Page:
However, they’re also used as verbes auxiliaires (= auxiliary verbs) for some tenses such as le passé composé. In this context, literal translations aren’t really meaningful anymore.
Sortir = to leave, to go out, to take out…
In French, we conjugate it in the passé composé with:
- Être → Il est sorti de la maison à 20 heures. He left the house at 8pm.
- Avoir → Il a sorti ses gants de sa poche. He took his gloves out of his pocket;
Rule of thumb:
If the subject is the one that’s going from “inside” to “outside” (= to leave, to go out), then we use être.
If the subject is making something else go from “inside” to “outside” (= to take out), then we use avoir.
The same rule applies: a COD means we use avoir, otherwise we use être.
Here is one more rule (that also applies for “entrer” and others):
→ When we conjugate using être, the participe passé (“entré”, “sorti”…) must agree with the subject! That means adding an -e for a feminine subject, and a -s for a plural subject.
Il est sorti de la maison à 20 heures.
Elle est sortie de la maison…
Mon frère et moi, nous sommes sortis…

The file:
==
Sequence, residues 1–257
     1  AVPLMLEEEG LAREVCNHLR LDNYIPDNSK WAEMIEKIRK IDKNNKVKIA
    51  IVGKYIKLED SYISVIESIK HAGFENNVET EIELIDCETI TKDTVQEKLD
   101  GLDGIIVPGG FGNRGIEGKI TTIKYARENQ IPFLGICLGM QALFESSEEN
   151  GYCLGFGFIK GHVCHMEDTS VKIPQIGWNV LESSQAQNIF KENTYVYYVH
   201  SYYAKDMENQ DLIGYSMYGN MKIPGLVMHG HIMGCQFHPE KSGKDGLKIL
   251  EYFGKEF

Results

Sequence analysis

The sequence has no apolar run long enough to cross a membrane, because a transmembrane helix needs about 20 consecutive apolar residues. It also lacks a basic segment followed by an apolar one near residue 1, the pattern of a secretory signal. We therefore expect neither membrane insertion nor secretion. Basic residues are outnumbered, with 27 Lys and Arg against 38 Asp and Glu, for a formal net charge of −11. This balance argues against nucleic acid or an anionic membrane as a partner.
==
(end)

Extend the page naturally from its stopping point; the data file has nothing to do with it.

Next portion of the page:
Ma mère et moi (Géraldine), nous sommes sorties…
Laura et toi (Robert), vous êtes sortis…
Laura et toi (Julie), vous êtes sorties…
Ils sont sortis…
Elles sont sorties…
“On” is the informal “We”. Even though it uses the conjugation of the third person singular (“Il / Elle”), the past participle will agree with the plural (and the feminine too, if the “we” are all female).
So we would write :
Michel et moi (Robert), on est sortis…
Juliette et moi (Sophie), on est sorties..
Passer = to pass, to pass by, to drop by…
Passer du temps = to spend some time
The same grammar rules apply once again! A COD means we use avoir, otherwise we use être.
So we can write:
- être : Martine est passée me voir à l’hôpital. Martine dropped by to see me at the hospital.
→ No COD. We use “être”, and “entrée” agrees with “Martine”
- avoir : Arthur a passé son brevet de secourisme. Arthur passed his first aid certificate.
→ COD = “Son brevet de secourisme”, so “avoir”.
Tourner = to turn, to go around
Tourner un film = to shoot a movie
- être : La mosquée est tournée vers la Mecque. The mosque is turned towards Mecca.
- avoir : Apolline a tourné la page de son livre. Apolline turned the page of her book.
Tourner la page (= literally “to turn the page”) also means “to make a fresh start”.